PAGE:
An Immersive Experience that Shakes a Listener to the Core

22/02/2018

Glass: Philip Glass Ensemble / Michael Riesman (conductor, keyboards), San Francisco Conservatory of Music Girls Chorus / Valérie Saint-Agathe (conductor), presented by San Francisco Performances, Davies Symphony Hall, San Francisco. 20.2.2018. (HS)

Glass – Music with Changing Parts

On a visit to York Minster decades ago, my wife and I sat in the choir space for a Sunday eventide and walked out under the massive bank of organ pipes, just as the organist’s improvised postlude reached a thunderous climax. It was a powerful blast of sound that shook our bodies, a sonic thrill.

Philip Glass’ Music with Changing Parts, performed Tuesday at Davies Hall by the Philip Glass Ensemble, powered a similar effect.

The piece starts swirling from the very first measure and doesn’t stop for an hour-and-a-half, the rhythm relentless. A kernel of melody begins with just two electronic keyboards, and eventually spreads to five. It’s repetitive: a hallmark of Glass’ earliest compositions—an ostinato taken to extremes. Subtle shifts in rhythm—notes added to and subtracted from the nucleus of the musical cell—keep nudging the meter in different directions.

The amplified sound is also loud. A dozen wind players add to the tonal texture (and eventually signal the approaching finish with a descending scale). A 32-voice chorus of sopranos and mezzos intones chords that provides additional color. Mezzoforte never occurs—let alone piano or pianissimo. It starts loud and gets louder and shakes a listener’s body to its core.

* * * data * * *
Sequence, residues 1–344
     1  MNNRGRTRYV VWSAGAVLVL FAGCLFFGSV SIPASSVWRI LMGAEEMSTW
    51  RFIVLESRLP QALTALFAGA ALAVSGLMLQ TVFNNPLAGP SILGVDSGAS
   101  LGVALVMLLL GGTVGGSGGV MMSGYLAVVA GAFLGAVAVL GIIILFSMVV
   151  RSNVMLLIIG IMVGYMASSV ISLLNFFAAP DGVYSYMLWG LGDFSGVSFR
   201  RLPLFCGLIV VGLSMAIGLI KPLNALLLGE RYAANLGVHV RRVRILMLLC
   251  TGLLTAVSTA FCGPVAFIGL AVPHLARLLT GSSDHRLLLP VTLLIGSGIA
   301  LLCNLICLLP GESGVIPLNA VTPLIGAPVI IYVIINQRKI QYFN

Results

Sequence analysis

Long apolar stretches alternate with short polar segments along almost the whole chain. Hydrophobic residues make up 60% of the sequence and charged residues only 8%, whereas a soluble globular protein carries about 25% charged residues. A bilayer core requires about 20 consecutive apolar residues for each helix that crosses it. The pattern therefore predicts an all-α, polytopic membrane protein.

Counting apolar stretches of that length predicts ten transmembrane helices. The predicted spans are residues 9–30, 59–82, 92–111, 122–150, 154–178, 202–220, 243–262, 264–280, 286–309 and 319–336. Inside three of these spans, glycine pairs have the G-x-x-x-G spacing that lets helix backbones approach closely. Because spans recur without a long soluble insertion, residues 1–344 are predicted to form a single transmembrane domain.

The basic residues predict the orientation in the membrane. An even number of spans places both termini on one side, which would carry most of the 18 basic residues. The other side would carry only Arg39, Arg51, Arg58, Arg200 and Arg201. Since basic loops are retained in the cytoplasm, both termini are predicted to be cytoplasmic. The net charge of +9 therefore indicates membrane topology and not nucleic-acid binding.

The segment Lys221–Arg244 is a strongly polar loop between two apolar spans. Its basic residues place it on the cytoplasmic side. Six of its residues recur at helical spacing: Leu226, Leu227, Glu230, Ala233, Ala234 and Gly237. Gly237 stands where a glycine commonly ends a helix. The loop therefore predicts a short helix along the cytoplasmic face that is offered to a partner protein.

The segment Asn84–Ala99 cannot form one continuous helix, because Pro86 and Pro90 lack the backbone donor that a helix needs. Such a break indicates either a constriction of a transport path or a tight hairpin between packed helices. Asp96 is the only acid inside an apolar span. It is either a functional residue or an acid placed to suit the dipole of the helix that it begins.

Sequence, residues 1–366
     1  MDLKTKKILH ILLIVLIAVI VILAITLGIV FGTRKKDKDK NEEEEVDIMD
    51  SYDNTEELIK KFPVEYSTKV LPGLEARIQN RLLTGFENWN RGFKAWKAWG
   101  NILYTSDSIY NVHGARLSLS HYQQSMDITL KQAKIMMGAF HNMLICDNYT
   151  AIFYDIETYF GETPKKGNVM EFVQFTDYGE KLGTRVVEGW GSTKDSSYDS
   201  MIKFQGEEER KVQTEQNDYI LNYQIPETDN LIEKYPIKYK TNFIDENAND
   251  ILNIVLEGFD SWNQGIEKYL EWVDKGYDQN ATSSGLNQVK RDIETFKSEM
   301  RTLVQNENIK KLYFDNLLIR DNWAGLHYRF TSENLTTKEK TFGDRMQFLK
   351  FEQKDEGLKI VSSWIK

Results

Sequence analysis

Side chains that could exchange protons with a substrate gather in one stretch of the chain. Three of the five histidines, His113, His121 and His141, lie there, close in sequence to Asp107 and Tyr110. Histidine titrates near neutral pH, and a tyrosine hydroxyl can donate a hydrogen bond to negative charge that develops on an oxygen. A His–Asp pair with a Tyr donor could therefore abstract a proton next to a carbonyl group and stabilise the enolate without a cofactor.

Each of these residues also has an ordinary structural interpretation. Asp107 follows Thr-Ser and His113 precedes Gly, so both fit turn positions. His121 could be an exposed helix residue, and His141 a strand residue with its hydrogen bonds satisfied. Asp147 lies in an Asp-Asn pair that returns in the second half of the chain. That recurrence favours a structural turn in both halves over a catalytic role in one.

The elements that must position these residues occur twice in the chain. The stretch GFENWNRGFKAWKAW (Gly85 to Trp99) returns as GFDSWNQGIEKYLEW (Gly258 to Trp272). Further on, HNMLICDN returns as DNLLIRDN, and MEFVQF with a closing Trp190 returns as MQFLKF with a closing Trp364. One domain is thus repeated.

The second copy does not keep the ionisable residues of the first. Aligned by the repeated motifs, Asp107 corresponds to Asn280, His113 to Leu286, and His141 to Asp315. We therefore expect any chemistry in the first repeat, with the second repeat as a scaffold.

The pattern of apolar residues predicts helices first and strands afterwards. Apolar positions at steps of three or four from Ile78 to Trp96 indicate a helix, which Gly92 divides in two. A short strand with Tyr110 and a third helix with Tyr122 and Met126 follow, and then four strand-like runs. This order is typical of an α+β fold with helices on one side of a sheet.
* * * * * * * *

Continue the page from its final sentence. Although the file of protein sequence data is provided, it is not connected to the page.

Glass worked on this ultra-minimalist piece from 1971 to 1974, before his name became a household word with his operas Einstein on the Beach and Satyagraha. He had not performed it with his own ensemble since 1981 but, inspired by younger ensembles’ performances, he went back to the work and expanded the sonic palette, expanding the instrumentation. In his program note, he writes, ‘This presentation…is a richer version of the music and a more satisfying completion of the original idea.’ An earlier performance, with the same personnel, took place last week in Carnegie Hall.

In this version, two trumpets, two trombones, additional woodwinds and an extra keyboard deepens the sound. In form, it follows a signature Glass technique of building on small cells and positioning robust chords against a rolling ostinato.

Never having heard the original version live, I can only compare this with the 1971 recording, made before Glass finished massaging the piece further. The recording reveals more transparency than the dense current version, and a cleaner balance. The sound in Davies Hall occasionally descended into distortion, overwhelming the chorus. There were times when it was hard to make out how their harmonies were shifting, despite microphones on stands arrayed in front of the San Francisco Conservatory of Music Girls Chorus, led by artistic director Valérie Saint-Agathe.

At the end, the audience must have been responding to the overall effect when it leaped to its feet for a prolonged standing ovation. It certainly sent me out into a chilly San Francisco night on a high.

Harvey Steiman

Print Friendly

Comments

Leave a Reply

Recent Reviews

MW

Facebook-button-1

Season Previews